7. After the procedure

  1. Remove headgear loaded with the electrodes from subject's scalp.
  2. Disconnect the snap electrodes from the strap. Dispose of the snap electrodes (as they are single use).
  3. Inspect the skin under the electrodes. Mild to moderate redness is expected during tDCS5,11,29, most of it simply from pressure30.
  4. Administer a questionnaire of adverse events to assess possible side-effects. Adverse event questionnaires can include any adverse effects typically associated with tDCS, such as tingling, itching and burning sensations, headache and discomfort. Examples for such a questionnaire can be found in Brunoni et al. (2011)31.
  5. Though tDCS is consider safe when following standard protocols5, perform an adverse-event monitoring procedure during the development of any study's protocol. Especially in some patient populations, serious adverse event may occur unrelated to tDCS. Adverse-event monitoring procedures include a course of action to be followed if the subject reports unexpected or serious side-effects during or after the session. Follow the adverse-event monitoring procedures closely and carefully.

Representative Results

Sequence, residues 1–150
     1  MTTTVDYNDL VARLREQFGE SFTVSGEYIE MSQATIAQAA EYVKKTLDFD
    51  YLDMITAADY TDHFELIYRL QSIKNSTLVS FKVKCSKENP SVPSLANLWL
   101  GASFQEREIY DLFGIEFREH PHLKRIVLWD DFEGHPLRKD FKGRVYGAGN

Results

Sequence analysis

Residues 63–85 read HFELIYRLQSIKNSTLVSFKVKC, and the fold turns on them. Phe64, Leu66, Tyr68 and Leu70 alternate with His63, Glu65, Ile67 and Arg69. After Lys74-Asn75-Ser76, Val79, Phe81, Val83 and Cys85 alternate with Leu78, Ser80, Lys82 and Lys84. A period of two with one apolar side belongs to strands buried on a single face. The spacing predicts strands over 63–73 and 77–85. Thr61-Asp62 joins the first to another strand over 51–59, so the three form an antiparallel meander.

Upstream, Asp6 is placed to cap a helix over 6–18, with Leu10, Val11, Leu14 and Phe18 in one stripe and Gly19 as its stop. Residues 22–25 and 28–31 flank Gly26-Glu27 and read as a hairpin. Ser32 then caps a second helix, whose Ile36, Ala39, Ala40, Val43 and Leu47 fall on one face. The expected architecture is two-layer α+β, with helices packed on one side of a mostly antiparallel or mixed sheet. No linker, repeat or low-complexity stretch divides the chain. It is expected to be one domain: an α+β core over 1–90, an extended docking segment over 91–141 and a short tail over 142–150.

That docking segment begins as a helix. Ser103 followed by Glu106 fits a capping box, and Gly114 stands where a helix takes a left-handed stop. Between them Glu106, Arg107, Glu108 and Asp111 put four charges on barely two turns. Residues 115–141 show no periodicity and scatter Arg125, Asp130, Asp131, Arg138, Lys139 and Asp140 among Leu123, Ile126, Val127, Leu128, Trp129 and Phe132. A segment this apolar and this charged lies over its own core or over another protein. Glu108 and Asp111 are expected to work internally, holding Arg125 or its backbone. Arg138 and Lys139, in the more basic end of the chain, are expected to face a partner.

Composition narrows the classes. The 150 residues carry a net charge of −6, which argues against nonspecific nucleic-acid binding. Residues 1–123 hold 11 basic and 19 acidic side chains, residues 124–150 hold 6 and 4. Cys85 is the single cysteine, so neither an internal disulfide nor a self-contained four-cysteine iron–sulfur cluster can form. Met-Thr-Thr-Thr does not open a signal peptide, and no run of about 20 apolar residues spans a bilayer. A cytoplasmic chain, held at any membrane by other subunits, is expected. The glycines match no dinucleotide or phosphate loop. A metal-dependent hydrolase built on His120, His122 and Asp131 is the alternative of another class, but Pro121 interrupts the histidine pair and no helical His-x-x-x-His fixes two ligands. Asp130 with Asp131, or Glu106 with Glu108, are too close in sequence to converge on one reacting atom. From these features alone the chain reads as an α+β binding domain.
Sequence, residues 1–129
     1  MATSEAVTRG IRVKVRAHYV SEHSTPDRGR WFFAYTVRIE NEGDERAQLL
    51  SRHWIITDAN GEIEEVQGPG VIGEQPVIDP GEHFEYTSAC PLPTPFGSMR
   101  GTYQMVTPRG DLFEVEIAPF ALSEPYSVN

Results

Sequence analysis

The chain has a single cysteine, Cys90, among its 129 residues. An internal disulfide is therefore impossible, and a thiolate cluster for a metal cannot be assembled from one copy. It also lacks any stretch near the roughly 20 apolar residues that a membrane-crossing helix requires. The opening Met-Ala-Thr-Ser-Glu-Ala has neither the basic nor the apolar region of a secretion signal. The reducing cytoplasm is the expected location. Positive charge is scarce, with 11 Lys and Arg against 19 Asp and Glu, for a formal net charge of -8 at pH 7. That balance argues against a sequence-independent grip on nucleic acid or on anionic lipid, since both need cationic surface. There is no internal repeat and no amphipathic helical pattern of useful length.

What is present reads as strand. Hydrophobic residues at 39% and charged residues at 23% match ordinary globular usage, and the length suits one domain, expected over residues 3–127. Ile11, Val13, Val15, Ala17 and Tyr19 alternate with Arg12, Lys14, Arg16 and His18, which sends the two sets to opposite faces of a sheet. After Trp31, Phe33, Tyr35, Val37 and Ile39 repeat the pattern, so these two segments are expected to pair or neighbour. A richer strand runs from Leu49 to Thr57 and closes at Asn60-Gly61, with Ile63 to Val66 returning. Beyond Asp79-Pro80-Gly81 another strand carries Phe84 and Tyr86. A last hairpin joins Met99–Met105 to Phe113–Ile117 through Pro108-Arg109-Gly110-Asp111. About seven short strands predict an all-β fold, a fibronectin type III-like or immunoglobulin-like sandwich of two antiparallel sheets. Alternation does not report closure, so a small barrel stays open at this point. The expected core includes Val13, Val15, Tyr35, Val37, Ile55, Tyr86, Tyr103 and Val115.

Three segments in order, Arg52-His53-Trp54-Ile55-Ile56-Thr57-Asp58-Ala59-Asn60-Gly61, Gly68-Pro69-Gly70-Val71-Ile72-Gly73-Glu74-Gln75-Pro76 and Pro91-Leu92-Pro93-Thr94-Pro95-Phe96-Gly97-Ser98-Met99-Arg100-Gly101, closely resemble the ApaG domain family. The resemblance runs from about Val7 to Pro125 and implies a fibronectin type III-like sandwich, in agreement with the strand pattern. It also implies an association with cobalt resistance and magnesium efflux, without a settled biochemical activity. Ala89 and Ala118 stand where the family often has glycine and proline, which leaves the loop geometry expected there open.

The modern tDCS methods described in the guide is expected to simplify tDCS setup and so reduce preparation time while increasing reliability. Setup times were measured using the traditional and modern tDCS methods. Separate consideration was given for experts vs. novices for each method (n=8). Each novice or expert operator conducted the setup five times. For tDCS traditional method both experts and novices reviewed preparation instructions15, as well as additional instructions before the first setup trials. For the modern tDCS method, both experts and novices reviewed an earlier version this guide. In all cases, operators were allowed to ask observers questions and for instructions as needed, which would be factored into setup time. Observers did not otherwise provide feedback. Reliability was scored by the observer after each trial on a 1-3 scale as: (1) Poor setup with substantial error in electrode placement (>5 cm) and/or significant uneven electrode contact with skin (>50% of sponge surface not contacting skin), and/or other significant errors; (2) Moderate or small error in electrode placement (3-5 cm) and/or moderate uneven electrode contact with skin (30-50% of sponge surface not contacting skin), and/or other minor errors; (3) No evident error in electrode placement or significant uneven electrode contact with skin, and no other significant errors.